Victoria sponge, a very popular tea-time cake in the UK is usually two layers of sponge sandwiching jam and buttercream. I decided to use whipped mascarpone and LOTS of fresh raspberries, blueberries and pomegranate seeds instead of jam and buttercream as I prefer something lighter, juicier and not too sweet. Some toasted flaked almonds were scattered on top for a bit of crunch. A note to myself for the next time I make it would be to up the mascarpone filling- more cream is always welcomed!
Apricots need a bit of coaxing from heat. They’re pretty insipid and spongy/mushy when raw but roasting, jamming, or stewing concentrates their flavour and makes them very, very apricoty. I really liked the combination of rosemary and apricot so I roasted them with a few sprigs of rosemary and also some honey, sugar, Jurançon (which is SO good) and a few chunks of butter. After 24 minutes of roasting at 180°, the apricots collapse into soft, jammy sacs bursting with flavour and the liquid reduces to a thick syrup. I ate about 4 whole apricots (!) on its own.. they were just too hard to resist. I also made a goats’ cheese bavarois and almond-oat crumble to accompany the apricots but I think I’ll just eat them all on its own in the end..
This victoria sponge recipe is adapted from a Martha Stewart strawberry shortcake recipe, but since I spread some jam between the layers I thought a Victoria Sponge was a more befitting name. It’s no ordinary victoria sponge- instead of light and fluffy sponge or chiffon cakes for the cake layers, this one is a marzipan-cornmeal pound cake. It isn’t very heavy and dense though, it’s still pretty fluffy and the almond flavour is so addictive and pairs very well with the jam. Atop the slick of jam on the cake is a generous layer of mascarpone cream, a cool and neutral flavour to tame down the sweetness of the cake. I topped the cakes with the tiniest and cutest English strawberries- instant kitschy cute. Almost unbearably cute..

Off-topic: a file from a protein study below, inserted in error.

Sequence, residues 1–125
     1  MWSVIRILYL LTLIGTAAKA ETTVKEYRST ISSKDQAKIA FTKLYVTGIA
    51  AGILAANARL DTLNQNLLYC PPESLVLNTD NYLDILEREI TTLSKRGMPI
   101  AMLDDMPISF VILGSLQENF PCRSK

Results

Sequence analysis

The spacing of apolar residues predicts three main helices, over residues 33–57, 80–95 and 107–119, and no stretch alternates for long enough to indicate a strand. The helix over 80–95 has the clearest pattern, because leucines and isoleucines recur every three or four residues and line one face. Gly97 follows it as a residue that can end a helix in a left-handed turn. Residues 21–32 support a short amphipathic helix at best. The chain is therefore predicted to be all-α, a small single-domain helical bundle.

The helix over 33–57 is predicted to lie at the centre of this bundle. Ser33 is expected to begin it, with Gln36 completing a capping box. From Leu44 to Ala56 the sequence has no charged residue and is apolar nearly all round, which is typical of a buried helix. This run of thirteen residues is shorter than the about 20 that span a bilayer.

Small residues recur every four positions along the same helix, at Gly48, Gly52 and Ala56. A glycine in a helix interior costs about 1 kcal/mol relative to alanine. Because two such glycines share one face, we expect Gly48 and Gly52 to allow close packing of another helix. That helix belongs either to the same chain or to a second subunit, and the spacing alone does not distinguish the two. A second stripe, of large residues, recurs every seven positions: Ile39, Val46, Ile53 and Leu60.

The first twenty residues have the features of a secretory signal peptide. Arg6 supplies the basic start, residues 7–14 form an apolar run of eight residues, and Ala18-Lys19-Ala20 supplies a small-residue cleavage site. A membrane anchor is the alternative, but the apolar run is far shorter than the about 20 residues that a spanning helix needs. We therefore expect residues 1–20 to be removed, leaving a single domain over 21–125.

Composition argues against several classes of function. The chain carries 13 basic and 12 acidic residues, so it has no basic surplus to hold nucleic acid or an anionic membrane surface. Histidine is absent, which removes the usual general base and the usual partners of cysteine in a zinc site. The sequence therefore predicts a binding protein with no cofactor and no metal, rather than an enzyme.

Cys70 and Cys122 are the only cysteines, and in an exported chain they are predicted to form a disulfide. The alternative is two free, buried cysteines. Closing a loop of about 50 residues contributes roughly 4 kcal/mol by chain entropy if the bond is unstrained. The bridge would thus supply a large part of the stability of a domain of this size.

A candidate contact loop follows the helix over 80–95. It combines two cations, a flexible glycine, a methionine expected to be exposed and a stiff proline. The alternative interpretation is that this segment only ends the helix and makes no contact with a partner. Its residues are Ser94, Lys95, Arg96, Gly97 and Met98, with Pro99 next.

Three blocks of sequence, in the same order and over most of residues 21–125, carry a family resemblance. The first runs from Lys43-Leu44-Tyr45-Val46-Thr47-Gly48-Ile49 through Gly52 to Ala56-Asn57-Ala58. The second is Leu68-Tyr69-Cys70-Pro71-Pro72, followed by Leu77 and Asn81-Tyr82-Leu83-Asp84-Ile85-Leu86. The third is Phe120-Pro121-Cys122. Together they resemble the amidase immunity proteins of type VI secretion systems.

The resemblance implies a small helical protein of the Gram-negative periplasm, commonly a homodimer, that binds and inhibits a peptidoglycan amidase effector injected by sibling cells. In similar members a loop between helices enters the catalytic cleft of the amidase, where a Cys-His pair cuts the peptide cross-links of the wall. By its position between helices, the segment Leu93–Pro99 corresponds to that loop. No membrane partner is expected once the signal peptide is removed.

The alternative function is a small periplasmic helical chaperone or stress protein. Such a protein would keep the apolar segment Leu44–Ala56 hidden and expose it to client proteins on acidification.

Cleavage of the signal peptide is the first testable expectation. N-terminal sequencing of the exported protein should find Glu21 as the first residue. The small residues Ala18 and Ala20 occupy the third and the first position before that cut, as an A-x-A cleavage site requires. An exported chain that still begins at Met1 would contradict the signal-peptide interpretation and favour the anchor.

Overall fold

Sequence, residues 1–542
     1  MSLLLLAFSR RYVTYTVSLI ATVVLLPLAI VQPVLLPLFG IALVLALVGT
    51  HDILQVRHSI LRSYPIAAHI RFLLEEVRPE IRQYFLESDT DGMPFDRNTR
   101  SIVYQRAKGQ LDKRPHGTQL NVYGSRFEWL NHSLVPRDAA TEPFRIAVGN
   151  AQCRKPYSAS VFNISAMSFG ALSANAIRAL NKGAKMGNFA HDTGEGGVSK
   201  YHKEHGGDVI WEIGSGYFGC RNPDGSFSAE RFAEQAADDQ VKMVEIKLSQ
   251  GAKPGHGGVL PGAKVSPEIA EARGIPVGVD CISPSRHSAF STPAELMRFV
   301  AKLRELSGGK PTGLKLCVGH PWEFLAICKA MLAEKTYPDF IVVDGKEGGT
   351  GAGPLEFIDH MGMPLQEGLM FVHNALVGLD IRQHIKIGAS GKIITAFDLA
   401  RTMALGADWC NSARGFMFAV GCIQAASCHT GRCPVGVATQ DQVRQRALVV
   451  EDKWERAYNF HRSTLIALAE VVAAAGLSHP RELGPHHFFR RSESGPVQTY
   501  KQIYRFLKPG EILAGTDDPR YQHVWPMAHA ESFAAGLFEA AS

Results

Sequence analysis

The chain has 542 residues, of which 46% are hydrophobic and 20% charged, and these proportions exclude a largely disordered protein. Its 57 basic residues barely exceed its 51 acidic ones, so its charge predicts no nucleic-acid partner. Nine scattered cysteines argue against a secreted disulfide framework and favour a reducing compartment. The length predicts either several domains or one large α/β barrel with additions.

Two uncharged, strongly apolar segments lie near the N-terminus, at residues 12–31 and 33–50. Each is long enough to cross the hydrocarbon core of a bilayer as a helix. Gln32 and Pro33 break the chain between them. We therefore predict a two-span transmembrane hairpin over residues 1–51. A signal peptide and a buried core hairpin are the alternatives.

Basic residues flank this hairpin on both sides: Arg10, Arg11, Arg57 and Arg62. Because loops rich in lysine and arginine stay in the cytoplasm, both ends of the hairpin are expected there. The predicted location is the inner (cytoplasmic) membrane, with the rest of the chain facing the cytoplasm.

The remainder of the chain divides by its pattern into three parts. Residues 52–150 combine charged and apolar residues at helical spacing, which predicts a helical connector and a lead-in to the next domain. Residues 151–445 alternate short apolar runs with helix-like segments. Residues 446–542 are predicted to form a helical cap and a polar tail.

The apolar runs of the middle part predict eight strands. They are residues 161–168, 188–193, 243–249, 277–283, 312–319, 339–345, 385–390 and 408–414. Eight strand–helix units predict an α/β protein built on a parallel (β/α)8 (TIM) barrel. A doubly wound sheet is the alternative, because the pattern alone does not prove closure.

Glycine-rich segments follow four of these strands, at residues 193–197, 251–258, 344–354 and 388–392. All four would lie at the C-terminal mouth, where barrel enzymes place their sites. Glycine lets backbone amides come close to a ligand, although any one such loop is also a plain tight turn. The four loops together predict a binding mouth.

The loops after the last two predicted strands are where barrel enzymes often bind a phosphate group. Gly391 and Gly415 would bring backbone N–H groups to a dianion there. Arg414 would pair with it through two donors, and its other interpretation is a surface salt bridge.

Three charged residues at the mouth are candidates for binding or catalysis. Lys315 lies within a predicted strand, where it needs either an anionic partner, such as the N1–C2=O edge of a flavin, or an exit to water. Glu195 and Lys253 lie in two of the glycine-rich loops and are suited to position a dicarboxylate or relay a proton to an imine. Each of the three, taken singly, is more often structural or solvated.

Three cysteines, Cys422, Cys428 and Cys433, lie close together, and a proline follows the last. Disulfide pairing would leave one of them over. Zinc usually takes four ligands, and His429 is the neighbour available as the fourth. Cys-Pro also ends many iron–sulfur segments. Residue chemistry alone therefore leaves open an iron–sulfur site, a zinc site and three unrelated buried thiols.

I’ve been obsessing over my blueberry plant ever since it started to ripen, very beautifully I might add. Blue begins to marble the skin and within a day or two the entire fruit turns from green to a dusty blue, then whole bunches turn blue then the whole tree.. it’s quite exciting watching it happening! My plant was heavy with ripe fruit a few days ago so I decided it was time to pick them and bake something. There wasn’t enough for pie or a crumble so a pound cake it was. There’s also some sliced rhubarb in it, since I had two stalks that needed to be used. Rhubarb and almond go hand-in-hand so in went some marzipan into the batter, and also some cream cheese.. I replaced a bit of the flour with ground almonds and this resulted in the cake falling after it was removed from the oven, but that’s ok- it was still delicious.
For a “regular” sized loaf pan:
1/2 teaspoon vanilla
1 stalk rhubarb, cut into 0.5-1cm chunks
170g self raising flour
20g ground almonds
160g cream cheese
40g marzipan (I used Anthon Berg 60% Almond Marzipan)
1. Grease and line a loaf tin, preheat oven to 160°.
2. Cream butter, sugar and marzipan until light and fluffy. Add egg one at a time, then add the cream cheese, vanilla and milk.
3. Fold in the flour and ground almonds.
4. Fill the tin 1/2 full and scatter the blueberries and rhubarb chunks (save some for the top), then top with the rest of the batter and place some blueberries and rhubarb on top.
5. Bake for about 50 minutes to an hour, depending on your oven.
This tart is quite possibly the best thing I’ve made all year, I couldn’t stop eating it! It has a bold, sweet-savoury flavour which I find super addictive. The whole composition of the tart- the olive oil wholewheat crust, apricot-rosemary jam and goats’ cheese is just so bizzarre and new to me, but so clever! The apricot-rosemary jam is seriously the best jam I’ve ever had- sweet, slightly tart and a touch herbal from the rosemary which helps balance the sweetness. And I’ve never made a crust like this, it’s completely different from the pâte sucrée and pâte brisee we make in school, there’s no butter or egg in it, the entire thing is bound together with olive oil and lemon juice! Totally weird, but so good. It’s crunchy and crumbly, with nubbly bits of oatmeal and oat bran. The recipe is from one of my favourite French blogs, 543 pages avant la fin du monde.